The noble Baroness, Lady Park, asked whether the review was another word for cuts. I can assure her that it is not the intention of defence Ministers that it should be so. If we can justify it, we have the assurance that we will be able to spend at least as much as the previous government were committed to spend for the next two years. The noble Baroness was kind enough to confirm what I said about the importance to me personally as the Defence Procurement Minister, of the maintainability of our forces. Unfortunately, it is not quite as simple as just ringing up a supplier and asking for a lot more spare parts; indeed, it is a very complicated matter, especially as much of the old equipment has been run on for much longer than had originally been expected would be its useful service life. Many spare parts are no longer being made, or perhaps more spare parts are needed than was originally anticipated. Sometimes it is necessary to open up a production line at exorbitant cost in order to get spare parts for particular pieces of equipment. Very difficult decisions have to be taken as regards the balance of resources.

However, I can assure the noble Baroness that this is a matter of prime importance in the area for which I am responsible. I also endorse what the noble Baroness and other speakers said about Russia being far from a spent force, at least so far as concerns certain of its special capabilities. I have in mind in particular the ballistic missile threat and the submarine forces threat.

I was grateful to the noble Viscount, Lord Allenby, who made some useful suggestions about satellite recruiting offices in remote areas. I shall certainly bring those suggestions to the attention of my honourable friend the Minister for the Armed Forces. I hope that the noble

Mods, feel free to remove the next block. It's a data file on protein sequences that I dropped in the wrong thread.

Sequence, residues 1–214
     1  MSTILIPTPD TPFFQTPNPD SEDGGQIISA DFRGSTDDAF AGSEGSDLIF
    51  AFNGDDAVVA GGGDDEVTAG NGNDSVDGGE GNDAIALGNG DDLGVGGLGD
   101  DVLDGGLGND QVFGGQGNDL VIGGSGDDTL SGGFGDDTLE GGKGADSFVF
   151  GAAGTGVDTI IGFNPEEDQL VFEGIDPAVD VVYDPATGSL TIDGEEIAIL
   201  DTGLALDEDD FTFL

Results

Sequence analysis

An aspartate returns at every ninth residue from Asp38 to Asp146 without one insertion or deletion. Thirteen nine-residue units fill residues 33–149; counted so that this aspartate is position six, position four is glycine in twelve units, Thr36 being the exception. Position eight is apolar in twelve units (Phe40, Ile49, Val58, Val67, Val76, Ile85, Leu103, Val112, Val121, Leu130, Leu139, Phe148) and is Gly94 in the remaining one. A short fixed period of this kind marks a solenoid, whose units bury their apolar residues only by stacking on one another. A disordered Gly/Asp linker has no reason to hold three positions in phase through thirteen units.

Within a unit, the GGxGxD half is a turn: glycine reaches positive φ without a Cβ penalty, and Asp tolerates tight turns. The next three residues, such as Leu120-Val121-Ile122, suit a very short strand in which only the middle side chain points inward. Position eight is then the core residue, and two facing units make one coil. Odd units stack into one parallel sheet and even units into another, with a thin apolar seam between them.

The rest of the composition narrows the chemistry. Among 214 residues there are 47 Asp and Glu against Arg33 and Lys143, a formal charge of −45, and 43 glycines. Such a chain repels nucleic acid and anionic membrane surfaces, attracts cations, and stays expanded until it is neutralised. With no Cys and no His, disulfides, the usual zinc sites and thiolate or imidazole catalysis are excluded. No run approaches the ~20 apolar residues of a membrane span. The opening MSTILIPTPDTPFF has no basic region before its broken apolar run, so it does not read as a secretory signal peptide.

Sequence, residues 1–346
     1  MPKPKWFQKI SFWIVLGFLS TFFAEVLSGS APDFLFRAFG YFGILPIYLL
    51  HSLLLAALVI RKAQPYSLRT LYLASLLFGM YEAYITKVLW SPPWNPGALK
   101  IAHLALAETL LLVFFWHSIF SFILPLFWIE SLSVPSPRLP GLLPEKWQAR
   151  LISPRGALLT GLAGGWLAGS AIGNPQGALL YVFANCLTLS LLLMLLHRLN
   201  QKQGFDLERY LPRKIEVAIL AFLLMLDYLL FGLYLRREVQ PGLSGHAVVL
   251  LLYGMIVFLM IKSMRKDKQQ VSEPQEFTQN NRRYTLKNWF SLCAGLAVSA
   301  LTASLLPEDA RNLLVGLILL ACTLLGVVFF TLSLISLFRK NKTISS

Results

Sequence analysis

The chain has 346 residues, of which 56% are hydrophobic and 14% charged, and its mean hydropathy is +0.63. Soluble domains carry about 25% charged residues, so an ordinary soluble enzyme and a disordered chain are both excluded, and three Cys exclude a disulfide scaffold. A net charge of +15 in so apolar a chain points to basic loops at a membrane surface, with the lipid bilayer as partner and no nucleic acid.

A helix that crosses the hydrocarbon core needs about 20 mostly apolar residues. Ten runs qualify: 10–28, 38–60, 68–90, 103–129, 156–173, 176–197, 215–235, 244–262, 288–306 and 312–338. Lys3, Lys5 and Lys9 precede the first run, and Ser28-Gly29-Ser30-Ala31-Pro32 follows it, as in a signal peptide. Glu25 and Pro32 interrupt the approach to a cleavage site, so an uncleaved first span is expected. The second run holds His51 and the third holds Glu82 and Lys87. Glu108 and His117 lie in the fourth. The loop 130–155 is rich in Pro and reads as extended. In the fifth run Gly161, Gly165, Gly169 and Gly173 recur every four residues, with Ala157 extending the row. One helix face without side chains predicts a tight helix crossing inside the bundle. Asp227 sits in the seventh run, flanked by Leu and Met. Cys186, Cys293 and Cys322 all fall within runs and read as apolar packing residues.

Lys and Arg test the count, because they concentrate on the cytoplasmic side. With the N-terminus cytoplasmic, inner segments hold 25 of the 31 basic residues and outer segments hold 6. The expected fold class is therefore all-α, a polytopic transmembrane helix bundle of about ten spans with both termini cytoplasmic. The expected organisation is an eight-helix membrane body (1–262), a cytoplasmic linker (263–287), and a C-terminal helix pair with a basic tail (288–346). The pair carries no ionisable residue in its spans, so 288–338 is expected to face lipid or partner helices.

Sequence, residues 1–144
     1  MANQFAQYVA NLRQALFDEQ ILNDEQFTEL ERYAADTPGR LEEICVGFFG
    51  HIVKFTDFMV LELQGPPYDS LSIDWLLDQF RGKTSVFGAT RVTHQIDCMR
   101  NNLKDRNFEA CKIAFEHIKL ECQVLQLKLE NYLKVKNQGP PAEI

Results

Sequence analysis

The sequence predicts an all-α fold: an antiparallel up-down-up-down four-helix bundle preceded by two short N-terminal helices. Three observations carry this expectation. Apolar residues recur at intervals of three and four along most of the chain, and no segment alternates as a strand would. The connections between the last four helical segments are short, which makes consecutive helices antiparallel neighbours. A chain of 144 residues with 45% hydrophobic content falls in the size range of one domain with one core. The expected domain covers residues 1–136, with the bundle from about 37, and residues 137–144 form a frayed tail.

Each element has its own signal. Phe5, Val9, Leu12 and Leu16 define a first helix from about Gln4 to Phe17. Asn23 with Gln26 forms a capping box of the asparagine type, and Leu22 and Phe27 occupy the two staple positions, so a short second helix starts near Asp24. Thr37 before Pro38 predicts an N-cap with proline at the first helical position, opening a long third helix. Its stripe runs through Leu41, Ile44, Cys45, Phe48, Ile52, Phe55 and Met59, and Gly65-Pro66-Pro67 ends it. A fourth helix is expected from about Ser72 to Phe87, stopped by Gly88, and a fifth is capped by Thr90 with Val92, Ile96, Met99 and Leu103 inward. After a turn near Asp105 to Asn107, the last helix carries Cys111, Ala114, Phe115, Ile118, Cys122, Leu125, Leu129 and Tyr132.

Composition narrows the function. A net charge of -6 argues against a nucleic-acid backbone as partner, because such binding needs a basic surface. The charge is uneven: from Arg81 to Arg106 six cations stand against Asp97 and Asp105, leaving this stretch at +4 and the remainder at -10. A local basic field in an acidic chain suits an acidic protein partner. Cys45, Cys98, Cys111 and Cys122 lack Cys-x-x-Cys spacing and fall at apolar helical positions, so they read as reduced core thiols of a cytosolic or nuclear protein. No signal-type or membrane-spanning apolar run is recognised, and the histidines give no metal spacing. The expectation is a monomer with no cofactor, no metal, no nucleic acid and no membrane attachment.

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Viscount was reassured by what I said earlier about the way in which the Royal Navy is trying to tackle the problems of wastage in recruitment.

I entirely agree with what the noble Lord, Lord Mottistone, said about the need to deter aggressors. The noble Lord cited the case of the Falklands, but I should remind him that it is not just a question of whether or not you have the resources available; the importance of having accurate intelligence is vital in such matters. Indeed, although I am not criticising anyone, from time to time we have not always had the accurate intelligence that we might have had which could have told us what was going to happen with Saddam Hussein and with General Galtieri. That might have saved much anguish for us and for the people with whom we finally found ourselves in conflict. I quite agree with the noble Lord that ships, tanks and aircraft cannot be produced quickly.

The noble Earl, Lord Effingham, referred to the Ocean Wave deployment. He may like to know that we had a carrier task group exercise with nuclear powered submarines and amphibious forces--indeed, the whole operation was initiated under our predecessors--which lasted some seven months. Altogether some 20 Royal Navy warships, submarines and support vessels were involved and we demonstrated all three of the Royal Navy's core capabilities. It was a busy programme of goodwill visits from the Mediterranean to New Zealand. Not only did we produce an extremely impressive display, but also I believe it is fair to say that we surprised some of our allies at the capability for force projection that we still retain in this country. We also comforted our friends and the whole deployment was extremely helpful with our defence sales efforts.